Bangkok’s Thammasat University, one of the oldest in Thailand, has a new claim to fame: Asia’s largest urban rooftop farm.
The 7,000m2 space mimics rice terraces in northern Thailand and can help curb some of the effects of climate change, such as frequent flooding, said Kotchakorn Voraakhom, the landscape architect behind the project.
“We tend to make a distinction between buildings and green spaces, but green spaces can be part of building design in cities like Bangkok, which has few green spaces,” the Landprocess founder and chief executive said.
“Rooftops are usually underutilized, but they can be green spaces that reduce the urban heat-island effect, the environmental impacts of buildings and land use, and also feed people,” she said ahead of the farm’s opening yesterday.
Bangkok, built on the floodplains of the Chao Phraya River, is forecast by climate experts to sink by more than 1cm annually and become one of the urban areas to be hit hardest by extreme weather conditions in the coming years.
Nearly 40 percent of the Thai capital might become flooded each year by 2030 due to more intense rainfall, according to the World Bank estimates.
Flooding in many parts of Bangkok is already common during the annual monsoon. The rains in 2011 brought the worst floods in decades, putting one-fifth of the city under water.
It was after that disaster that Kotchakorn began thinking more about climate-resilient green spaces.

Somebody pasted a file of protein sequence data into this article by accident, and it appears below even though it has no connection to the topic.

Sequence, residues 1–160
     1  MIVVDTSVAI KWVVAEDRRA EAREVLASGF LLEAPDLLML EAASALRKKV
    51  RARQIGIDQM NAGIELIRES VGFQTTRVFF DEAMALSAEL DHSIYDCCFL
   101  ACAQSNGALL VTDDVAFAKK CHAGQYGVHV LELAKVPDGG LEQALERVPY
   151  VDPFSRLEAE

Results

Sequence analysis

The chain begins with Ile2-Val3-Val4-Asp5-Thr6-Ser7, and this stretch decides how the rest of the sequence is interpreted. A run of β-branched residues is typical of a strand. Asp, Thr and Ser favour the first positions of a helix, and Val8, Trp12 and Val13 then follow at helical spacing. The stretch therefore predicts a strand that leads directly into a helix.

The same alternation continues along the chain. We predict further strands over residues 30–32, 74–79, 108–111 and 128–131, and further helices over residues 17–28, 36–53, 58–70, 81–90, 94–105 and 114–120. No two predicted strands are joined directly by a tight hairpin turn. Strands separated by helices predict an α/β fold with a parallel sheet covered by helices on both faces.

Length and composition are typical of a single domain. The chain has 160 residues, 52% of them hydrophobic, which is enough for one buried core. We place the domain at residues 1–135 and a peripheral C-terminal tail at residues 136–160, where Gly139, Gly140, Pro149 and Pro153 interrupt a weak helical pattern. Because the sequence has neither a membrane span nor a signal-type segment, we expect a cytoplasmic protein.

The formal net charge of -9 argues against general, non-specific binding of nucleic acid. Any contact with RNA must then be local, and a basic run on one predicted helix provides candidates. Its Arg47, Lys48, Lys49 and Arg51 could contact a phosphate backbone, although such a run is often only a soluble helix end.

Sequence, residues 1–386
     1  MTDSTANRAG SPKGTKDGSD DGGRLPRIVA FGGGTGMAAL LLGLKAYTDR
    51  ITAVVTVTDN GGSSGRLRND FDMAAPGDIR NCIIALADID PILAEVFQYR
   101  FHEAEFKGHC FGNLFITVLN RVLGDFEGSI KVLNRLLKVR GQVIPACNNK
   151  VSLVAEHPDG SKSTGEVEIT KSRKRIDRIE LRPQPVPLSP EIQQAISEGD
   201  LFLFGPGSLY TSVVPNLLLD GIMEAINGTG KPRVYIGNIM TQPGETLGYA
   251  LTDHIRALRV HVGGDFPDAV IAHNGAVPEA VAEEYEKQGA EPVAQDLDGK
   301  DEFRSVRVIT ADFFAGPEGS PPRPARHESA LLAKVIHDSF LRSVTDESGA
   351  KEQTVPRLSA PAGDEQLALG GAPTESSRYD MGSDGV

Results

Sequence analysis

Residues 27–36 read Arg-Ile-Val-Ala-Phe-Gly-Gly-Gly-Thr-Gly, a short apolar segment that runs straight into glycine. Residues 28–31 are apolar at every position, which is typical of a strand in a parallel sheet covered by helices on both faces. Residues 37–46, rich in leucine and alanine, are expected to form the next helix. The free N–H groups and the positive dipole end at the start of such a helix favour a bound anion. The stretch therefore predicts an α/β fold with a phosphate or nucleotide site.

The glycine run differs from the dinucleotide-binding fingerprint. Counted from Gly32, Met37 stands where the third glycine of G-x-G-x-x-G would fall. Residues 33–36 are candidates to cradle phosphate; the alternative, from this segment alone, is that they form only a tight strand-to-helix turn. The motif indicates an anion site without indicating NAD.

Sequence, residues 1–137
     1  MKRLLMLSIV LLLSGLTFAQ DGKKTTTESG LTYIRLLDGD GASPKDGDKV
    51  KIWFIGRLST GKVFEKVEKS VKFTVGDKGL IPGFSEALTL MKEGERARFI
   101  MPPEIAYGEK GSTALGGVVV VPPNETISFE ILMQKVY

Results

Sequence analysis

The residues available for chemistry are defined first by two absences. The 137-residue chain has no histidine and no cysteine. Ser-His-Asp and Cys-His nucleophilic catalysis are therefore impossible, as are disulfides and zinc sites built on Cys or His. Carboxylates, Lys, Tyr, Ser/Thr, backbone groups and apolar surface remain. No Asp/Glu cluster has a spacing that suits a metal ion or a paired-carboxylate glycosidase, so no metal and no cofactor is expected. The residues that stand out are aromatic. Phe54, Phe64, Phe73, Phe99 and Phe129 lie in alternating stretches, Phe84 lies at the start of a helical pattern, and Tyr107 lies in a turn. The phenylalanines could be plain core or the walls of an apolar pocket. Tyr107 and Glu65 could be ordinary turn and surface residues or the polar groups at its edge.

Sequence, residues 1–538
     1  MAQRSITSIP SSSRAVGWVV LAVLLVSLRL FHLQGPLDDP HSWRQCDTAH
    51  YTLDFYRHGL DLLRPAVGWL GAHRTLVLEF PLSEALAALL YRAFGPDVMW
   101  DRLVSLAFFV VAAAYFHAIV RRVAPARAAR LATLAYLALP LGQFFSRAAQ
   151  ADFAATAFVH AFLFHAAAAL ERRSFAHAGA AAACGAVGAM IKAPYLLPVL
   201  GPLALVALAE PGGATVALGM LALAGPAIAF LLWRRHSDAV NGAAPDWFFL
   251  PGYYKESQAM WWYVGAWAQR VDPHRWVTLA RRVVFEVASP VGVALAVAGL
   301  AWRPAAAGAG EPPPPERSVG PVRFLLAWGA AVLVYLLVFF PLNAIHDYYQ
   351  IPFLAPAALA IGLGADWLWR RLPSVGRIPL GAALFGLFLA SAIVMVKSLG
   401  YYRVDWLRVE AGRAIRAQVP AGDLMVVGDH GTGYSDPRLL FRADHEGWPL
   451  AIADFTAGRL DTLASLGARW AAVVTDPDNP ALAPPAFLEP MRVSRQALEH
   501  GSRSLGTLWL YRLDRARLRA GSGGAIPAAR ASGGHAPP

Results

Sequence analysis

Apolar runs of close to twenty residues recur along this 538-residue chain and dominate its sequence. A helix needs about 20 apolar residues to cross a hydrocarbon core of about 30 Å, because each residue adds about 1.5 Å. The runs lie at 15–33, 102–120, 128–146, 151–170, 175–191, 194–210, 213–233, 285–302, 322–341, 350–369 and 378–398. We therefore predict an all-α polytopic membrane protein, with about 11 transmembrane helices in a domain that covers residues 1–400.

She has designed Bangkok’s first new public park in decades — a 4-hectare space at Chulalongkorn University that can hold up to 3.8 million liters of rainwater.
The rooftop farm at Thammasat University in Rangsit, about 40km from Bangkok’s city center, is open to anyone who wishes to grow rice, vegetables and herbs, said Prinya Thaewanarumitkul, a vice rector at the university.
“Thailand is an agricultural society, but in the cities we are so cut off from the source of our food. With rooftop farms, we can also improve urban food security,” he said.
With more than two-thirds of the world’s population forecast to live in cities by 2050, according to the UN, urban agriculture could be critical.
Urban farms could supply almost the entire recommended consumption of vegetables for city dwellers, while cutting food waste and reducing emissions from transportation of agricultural products, according to a study published last year.
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